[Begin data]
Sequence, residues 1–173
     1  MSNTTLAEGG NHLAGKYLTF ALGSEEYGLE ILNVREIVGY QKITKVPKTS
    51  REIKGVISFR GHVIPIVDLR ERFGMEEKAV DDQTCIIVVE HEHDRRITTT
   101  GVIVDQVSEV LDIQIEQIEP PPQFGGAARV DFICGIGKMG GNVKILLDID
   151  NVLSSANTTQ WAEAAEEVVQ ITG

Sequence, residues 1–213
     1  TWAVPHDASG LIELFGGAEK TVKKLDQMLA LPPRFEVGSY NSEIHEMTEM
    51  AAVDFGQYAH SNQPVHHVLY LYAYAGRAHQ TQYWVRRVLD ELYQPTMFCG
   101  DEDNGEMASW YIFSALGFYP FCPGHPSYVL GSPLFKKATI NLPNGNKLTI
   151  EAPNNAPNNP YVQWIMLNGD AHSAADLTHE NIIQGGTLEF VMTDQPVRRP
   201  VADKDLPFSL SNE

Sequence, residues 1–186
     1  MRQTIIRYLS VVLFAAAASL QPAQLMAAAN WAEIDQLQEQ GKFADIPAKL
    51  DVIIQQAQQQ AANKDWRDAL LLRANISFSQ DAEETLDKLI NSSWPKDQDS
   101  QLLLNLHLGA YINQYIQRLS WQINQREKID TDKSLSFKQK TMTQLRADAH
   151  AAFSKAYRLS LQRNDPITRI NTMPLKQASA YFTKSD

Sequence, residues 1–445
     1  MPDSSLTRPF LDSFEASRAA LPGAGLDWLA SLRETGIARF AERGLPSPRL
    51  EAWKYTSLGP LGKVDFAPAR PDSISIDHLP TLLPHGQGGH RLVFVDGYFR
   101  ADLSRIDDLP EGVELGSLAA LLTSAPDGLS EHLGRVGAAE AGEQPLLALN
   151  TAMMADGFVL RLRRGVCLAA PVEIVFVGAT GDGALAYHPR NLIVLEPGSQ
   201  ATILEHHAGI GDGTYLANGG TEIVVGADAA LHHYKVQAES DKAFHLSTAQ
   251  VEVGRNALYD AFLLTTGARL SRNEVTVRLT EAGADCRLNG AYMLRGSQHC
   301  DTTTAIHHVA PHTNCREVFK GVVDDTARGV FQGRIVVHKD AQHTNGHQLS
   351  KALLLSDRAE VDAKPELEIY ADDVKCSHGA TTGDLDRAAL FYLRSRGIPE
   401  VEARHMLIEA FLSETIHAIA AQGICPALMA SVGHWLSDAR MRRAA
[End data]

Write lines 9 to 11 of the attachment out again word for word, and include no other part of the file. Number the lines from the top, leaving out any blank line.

   101  DEDNGEMASW YIFSALGFYP FCPGHPSYVL GSPLFKKATI NLPNGNKLTI
   151  EAPNNAPNNP YVQWIMLNGD AHSAADLTHE NIIQGGTLEF VMTDQPVRRP
   201  VADKDLPFSL SNE